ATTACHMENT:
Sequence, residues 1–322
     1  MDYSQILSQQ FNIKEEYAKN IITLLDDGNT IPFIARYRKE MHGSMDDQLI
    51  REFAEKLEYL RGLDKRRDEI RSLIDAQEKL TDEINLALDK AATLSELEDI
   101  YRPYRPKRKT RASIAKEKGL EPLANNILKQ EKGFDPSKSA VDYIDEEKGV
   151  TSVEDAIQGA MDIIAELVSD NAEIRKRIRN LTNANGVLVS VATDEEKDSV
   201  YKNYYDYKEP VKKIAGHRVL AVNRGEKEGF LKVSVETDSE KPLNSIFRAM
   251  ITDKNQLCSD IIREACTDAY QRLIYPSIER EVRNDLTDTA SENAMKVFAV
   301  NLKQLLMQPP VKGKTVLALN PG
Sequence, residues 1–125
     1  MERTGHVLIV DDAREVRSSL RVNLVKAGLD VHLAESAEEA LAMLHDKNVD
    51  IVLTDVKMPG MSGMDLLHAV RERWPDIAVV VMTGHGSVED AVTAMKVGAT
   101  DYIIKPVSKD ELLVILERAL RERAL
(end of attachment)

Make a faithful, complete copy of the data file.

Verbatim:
Sequence, residues 1–322
     1  MDYSQILSQQ FNIKEEYAKN IITLLDDGNT IPFIARYRKE MHGSMDDQLI
    51  REFAEKLEYL RGLDKRRDEI RSLIDAQEKL TDEINLALDK AATLSELEDI
   101  YRPYRPKRKT RASIAKEKGL EPLANNILKQ EKGFDPSKSA VDYIDEEKGV
   151  TSVEDAIQGA MDIIAELVSD NAEIRKRIRN LTNANGVLVS VATDEEKDSV
   201  YKNYYDYKEP VKKIAGHRVL AVNRGEKEGF LKVSVETDSE KPLNSIFRAM
   251  ITDKNQLCSD IIREACTDAY QRLIYPSIER EVRNDLTDTA SENAMKVFAV
   301  NLKQLLMQPP VKGKTVLALN PG
Sequence, residues 1–125
     1  MERTGHVLIV DDAREVRSSL RVNLVKAGLD VHLAESAEEA LAMLHDKNVD
    51  IVLTDVKMPG MSGMDLLHAV RERWPDIAVV VMTGHGSVED AVTAMKVGAT
   101  DYIIKPVSKD ELLVILERAL RERAL